• Proteins (17:02) are essential for the growth and repair of muscles and body tissues. They are also vital for immune system function and the creation of hormones and enzymes. Laurion discusses plant and animal proteins, milk and dairy (18:02), and the benefits of eating less red and processed meats (19:00)
  • Fats (20:08) are our most concentrated energy source for the body and are critical to many bodily functions. The speaker examines the historical discourse surrounding fats and discusses saturated and unsaturated fats (20:28). She explains how to avoid trans fats (21:34) found in most packaged and processed foods (22:25) and where to find “good fats” (23:25).
  • Carbohydrates (24:57) are the energy source for every cell in the human body. Laurion considers simple and complex carbohydrates and provides examples of each (24:57)

The presenter touches on our bodies’ need for fiber (27:03) and the importance of replacing juice with water and packaged snacks or sweets with homemade options (28:34). Laurion outlines her most essential suggestions for preventing and treating metabolic syndrome through diet (29:20) and suggests combining them with exercise to create powerful means of preventing disease and obesity. She notes physical incentives and potential savings on medication, doctor appointments, and missed work days (30:30)

Laurion notes that 79% of autistic adults (ages 19 – 30) live at home with parents or caretakers, often due to the lack of well-managed and affordable group homes for those that need them (3:05). Therefore, she states, it is imperative to educate support providers of adults with DD and autism on necessary nutritional values. The speaker examines a typical group home menu (30:54), discusses how to afford healthier alternatives (32:40), and presents a new menu based on the Healthy Eating Plate (33:08). She notes that changes to food and diet can be complex and provides suggestions for assistance (34:26). Laurion provides tips for shopping (35:40), stocking kitchens (38:46), and cooking on a budget (39:22)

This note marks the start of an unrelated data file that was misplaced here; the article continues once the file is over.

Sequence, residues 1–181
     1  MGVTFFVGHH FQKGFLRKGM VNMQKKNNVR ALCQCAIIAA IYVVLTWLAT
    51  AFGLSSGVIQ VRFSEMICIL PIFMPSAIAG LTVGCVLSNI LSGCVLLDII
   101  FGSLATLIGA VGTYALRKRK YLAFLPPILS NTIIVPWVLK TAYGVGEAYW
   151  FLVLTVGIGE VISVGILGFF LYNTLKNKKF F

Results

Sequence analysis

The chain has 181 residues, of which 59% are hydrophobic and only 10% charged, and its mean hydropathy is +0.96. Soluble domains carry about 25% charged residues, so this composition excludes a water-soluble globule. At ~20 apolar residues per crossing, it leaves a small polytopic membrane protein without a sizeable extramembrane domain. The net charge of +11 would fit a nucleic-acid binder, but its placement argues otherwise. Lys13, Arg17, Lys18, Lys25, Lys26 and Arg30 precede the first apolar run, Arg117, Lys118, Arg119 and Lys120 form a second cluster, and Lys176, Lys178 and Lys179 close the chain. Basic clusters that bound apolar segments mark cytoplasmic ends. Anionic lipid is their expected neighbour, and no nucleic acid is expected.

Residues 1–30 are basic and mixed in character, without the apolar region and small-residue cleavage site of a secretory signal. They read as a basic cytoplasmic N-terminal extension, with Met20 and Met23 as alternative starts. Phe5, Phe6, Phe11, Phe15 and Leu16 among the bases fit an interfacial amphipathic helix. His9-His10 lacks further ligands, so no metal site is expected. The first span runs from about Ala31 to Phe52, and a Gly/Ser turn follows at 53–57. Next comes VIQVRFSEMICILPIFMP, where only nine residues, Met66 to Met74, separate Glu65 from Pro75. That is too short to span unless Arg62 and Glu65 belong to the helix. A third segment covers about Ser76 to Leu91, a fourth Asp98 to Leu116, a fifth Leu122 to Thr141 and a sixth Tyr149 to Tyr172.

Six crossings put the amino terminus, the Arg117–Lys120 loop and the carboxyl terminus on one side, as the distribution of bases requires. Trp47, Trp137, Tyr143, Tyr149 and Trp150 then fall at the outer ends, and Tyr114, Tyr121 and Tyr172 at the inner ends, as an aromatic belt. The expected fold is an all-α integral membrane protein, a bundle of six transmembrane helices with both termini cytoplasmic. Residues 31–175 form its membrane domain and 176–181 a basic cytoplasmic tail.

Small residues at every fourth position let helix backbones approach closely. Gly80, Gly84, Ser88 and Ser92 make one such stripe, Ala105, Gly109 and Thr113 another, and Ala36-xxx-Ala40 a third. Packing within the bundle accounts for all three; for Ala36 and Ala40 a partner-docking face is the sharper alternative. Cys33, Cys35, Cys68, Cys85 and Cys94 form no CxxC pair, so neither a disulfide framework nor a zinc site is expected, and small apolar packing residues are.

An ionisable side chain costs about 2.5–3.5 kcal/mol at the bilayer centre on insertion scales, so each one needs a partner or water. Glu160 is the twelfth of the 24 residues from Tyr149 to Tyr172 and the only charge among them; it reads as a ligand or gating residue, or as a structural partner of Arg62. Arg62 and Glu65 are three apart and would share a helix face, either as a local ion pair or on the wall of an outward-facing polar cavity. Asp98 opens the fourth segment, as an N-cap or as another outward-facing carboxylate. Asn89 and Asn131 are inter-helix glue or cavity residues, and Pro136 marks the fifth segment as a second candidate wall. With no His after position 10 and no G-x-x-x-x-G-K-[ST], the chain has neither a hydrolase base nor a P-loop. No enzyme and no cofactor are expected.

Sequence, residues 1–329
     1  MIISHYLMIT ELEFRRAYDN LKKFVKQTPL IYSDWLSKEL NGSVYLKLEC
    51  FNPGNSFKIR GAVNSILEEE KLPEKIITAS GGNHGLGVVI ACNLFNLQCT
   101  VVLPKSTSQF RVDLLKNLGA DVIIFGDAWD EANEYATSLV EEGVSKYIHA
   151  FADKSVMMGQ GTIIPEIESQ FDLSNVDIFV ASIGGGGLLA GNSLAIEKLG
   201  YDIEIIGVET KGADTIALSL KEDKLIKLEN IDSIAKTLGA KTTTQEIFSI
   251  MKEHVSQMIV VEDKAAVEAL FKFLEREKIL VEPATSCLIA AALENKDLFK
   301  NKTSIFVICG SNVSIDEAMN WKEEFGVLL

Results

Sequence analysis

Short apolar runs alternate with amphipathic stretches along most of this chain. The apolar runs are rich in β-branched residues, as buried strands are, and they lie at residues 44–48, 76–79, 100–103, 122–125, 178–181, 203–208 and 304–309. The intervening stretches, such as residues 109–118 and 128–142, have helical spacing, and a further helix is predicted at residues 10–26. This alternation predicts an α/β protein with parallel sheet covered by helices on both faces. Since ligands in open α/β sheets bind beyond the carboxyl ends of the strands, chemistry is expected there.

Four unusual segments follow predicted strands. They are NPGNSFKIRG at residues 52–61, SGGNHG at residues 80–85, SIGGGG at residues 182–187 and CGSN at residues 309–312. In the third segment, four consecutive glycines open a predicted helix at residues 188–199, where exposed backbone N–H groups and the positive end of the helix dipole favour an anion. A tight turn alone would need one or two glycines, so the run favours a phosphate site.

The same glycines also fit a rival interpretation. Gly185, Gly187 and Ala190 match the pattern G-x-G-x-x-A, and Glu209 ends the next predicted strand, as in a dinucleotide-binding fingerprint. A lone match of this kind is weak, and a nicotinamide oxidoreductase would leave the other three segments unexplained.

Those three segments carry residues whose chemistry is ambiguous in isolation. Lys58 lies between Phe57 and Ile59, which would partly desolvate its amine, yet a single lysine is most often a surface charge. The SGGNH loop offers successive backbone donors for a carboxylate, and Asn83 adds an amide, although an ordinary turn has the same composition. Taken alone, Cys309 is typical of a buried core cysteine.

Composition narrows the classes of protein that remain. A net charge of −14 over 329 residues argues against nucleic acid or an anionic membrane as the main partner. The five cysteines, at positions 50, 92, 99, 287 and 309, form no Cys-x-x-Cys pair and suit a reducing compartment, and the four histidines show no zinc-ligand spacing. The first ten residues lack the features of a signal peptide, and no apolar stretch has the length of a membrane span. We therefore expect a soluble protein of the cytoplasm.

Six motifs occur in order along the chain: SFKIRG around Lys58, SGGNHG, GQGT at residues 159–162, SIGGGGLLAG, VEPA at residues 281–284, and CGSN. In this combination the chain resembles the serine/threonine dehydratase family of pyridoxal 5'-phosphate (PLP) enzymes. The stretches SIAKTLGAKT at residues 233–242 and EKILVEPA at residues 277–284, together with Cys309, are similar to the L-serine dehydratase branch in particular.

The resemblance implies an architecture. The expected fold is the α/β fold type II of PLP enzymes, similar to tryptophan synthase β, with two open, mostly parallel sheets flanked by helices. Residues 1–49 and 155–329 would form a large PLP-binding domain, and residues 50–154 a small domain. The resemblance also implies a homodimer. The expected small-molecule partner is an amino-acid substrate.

She emphasizes the cultural and social importance of meals and advocates for longer mealtimes that involve everyone and offers healthy options (41:10). The speaker reviews the presentation and notes that dietary changes can help groups homes as well as families and those still living at home (42:35)

Published: 03/25/2013

Ms. Erika Laurion, M.S., C.S. as worked in the health fields for over 10 years. She is a nutritional consultant for group homes where she evaluates dietician plans and recommends improvements to overall diet and food choices of the homes and also offers nutrition counseling to at risk, low-income women and children. Erika received her Masters from the Institute of Human Nutrition at the College of Physicians and Surgeons of Columbia University Erika has a 22-year-old daughter diagnosed with Cerebral Palsy and Williams Syndrome who lives in Camphill Village, an alternative, residential program for adults with disabilities.